A post describing a news item of potential interest
As reported by Reuters and other outlets, Dr. Beatrice Golomb of the University of California, San Diego has found that exposure of soldiers to multiple chemicals, including pesticides and nerve-gas pills, was associated with lingering health problems in veterans of the Persian Gulf War. Effects include neuropathic pain and loss of muscle control, chronic fatigue or forgetfulness.
An Associated Press story reports that "a vast array of pharmaceuticals — including antibiotics, anti-convulsants, mood stabilizers and sex hormones — have been found in the drinking water supplies of at least 41 million Americans."
The drugs get into the water as people take medications and unabsorbed amounts enter the waste water system. The water treatment protocols do not remove all of the drug residue.
A new policy at Harvard makes it the first university in the United States to mandate open access to its faculty members’ research publications.
Stuart M. Shieber, a professor of computer science at Harvard who proposed the new policy, said after the vote in a news release that the decision “should be a very powerful message to the academic community that we want and should have more control over how our work is used and disseminated.”
An article at ScienceCodex.Com describes the new law that mandates research funded by the U.S. NIH to be opened up to the public:
"President Bush has signed into law the Consolidated Appropriations Act of 2007 (H.R. 2764), which includes a provision directing the National Institutes of Health (NIH) to provide the public with open online access to findings from its funded research. This is the first time the U.S. government has mandated public access to research funded by a major agency"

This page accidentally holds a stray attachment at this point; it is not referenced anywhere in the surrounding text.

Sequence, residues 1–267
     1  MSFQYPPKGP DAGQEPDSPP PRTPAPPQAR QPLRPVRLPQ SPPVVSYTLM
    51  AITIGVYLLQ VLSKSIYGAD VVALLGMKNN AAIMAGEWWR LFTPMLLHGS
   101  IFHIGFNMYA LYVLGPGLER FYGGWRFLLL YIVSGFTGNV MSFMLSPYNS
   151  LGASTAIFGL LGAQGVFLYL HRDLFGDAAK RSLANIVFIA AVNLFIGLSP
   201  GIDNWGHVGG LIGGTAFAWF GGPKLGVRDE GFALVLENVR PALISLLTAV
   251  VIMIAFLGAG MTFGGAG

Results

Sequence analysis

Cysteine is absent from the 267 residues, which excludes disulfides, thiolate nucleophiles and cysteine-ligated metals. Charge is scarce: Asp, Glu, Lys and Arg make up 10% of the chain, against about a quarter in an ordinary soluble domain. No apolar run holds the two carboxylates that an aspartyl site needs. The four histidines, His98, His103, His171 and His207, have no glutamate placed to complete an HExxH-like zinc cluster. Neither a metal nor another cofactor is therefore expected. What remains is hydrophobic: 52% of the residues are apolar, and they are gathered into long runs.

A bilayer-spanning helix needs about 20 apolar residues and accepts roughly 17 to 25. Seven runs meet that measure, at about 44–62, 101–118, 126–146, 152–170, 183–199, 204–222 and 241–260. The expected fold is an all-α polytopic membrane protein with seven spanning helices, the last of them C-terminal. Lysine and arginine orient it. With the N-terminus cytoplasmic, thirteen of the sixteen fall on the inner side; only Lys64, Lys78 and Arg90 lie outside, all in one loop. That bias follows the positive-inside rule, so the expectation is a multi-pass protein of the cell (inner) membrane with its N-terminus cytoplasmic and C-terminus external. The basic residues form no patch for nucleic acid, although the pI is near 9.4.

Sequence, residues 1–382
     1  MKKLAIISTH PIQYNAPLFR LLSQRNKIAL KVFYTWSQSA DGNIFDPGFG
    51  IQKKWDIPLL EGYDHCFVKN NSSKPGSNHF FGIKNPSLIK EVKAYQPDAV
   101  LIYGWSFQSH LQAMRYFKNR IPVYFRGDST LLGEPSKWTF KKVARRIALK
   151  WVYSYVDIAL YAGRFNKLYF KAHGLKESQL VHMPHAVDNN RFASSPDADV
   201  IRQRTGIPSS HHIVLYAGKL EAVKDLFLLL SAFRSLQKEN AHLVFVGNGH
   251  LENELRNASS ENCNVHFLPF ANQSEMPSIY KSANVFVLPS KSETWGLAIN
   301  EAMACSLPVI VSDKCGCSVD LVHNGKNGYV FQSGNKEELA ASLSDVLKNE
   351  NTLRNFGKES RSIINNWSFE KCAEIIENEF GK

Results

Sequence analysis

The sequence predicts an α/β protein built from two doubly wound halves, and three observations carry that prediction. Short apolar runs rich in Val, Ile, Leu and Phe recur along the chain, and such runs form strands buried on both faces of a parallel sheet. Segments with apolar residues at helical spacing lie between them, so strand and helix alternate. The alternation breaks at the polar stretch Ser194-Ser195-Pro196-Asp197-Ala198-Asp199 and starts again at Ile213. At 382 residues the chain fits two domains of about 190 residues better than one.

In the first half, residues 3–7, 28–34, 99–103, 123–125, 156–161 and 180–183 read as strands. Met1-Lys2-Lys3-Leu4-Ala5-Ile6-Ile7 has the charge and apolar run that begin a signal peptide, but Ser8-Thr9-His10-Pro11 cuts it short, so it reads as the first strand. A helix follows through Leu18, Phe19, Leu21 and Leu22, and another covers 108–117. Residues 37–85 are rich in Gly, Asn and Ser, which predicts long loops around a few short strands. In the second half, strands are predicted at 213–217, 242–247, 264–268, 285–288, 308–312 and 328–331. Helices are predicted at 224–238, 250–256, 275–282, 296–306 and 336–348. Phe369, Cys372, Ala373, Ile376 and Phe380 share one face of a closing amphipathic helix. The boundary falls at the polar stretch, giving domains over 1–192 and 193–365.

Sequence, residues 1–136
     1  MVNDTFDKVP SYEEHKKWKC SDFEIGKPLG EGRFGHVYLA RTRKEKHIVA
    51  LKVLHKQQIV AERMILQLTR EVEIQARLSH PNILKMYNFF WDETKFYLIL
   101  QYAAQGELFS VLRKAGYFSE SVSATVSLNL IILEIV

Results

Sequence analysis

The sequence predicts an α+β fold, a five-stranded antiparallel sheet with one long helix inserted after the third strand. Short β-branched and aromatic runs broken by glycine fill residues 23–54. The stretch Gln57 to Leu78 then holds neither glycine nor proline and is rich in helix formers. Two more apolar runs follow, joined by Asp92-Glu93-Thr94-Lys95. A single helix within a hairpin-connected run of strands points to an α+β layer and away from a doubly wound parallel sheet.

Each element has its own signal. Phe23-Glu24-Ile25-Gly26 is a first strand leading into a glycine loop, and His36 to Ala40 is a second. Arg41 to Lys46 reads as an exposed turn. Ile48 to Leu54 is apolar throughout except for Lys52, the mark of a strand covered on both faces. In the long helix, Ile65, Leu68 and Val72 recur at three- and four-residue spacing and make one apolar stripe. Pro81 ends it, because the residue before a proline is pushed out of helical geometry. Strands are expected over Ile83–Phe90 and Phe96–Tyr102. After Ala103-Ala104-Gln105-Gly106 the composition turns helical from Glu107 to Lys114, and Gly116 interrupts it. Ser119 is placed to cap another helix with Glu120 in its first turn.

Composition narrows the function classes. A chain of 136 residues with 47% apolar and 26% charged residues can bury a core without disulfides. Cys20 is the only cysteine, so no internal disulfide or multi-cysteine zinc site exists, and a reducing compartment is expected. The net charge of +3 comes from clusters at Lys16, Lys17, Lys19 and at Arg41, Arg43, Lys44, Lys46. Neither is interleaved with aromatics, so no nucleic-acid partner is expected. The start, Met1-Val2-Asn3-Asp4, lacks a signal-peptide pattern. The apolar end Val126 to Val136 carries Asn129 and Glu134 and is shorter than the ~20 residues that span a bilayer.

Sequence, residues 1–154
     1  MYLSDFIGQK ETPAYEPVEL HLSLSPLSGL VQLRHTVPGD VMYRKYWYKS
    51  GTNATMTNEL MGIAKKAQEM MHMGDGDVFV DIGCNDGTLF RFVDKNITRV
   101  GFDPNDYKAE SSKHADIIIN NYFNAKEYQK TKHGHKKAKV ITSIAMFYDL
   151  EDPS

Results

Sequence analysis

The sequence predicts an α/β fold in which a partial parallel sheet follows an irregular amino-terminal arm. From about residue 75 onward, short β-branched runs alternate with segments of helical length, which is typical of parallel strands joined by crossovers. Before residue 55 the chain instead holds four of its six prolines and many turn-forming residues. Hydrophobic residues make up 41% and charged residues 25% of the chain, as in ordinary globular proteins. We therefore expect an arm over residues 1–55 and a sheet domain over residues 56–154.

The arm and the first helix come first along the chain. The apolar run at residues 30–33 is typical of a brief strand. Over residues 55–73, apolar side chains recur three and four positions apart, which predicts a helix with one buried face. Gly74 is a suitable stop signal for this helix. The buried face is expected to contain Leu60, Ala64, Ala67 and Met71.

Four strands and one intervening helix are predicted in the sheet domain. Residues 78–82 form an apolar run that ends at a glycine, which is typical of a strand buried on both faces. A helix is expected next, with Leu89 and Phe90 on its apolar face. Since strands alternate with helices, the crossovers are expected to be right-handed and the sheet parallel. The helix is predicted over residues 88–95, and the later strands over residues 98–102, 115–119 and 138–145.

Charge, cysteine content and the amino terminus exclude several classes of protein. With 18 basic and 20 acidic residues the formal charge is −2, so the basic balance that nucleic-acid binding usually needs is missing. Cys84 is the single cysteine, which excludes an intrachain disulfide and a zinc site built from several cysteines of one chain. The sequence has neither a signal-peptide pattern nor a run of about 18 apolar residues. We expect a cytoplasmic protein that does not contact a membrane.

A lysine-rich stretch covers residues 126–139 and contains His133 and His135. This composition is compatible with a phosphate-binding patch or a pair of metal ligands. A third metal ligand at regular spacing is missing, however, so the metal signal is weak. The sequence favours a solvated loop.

Tony Davis, a reporter with the Arizona Star, has written a series of articles on "Toxic Homes". The latest article discusses how toxins can "lurk in air, dust, even cleaning supplies." A previous article has scientific experts rate the different toxic risks in a home.
From the earlier article, here is Lance Wallace's list of the worst hazards in a home:
As reported in an article in the SF Chronicle, the Bay Area Air Quality Management District is considering a ban on residential wood-burning on nights with poor air quality. From the article: "Spurred by growing evidence that shows smoke from wood-burning is as bad or worse than smoke from cigarettes, the Bay Area Air Quality Management District is trying to reduce the amount of harmful particulate matter that people breathe.
As reported in the San Francisco Chronicle, cancer rates in the U.S. have recently been falling an average of 2.3% per year. Much of the improvement comes from improvements in prevention and early detection of diseases, which are not available to all populations. From the article:
Terry Gross has an interesting Fresh Air Radio Interview with Devra Davis ("Chemicals, Cancer, and You"), who has written a book called The Secret History of the War on Cancer in which she discusses the many environmental causes of cancer and stresses prevention of disease by avoiding exposure to everyday chemicals in household products. Manufacturers in the US hinder our ability to avoid certain hazardous chemicals by not labeling their products. Dr.
An article in the San Francisco Chronicle reports on recent efforts of environmental groups to force regulation of air fresheners. There is a demand for disclosure of hazardous chemical ingredients, which may include benzene, formaldehyde, and phthalates. Phthalates have been linked with disruption of testosterone production.
An article in the San Francisco Chronicle reports on a recent study showing that indoor air can be degraded by using common household cleaners. Toxic chemicals in these products can cause fertility problems. Prof. William Nazaroff of UC Berkeley is interviewed about a recent study of his on household product emissions showing that exposures can be large.
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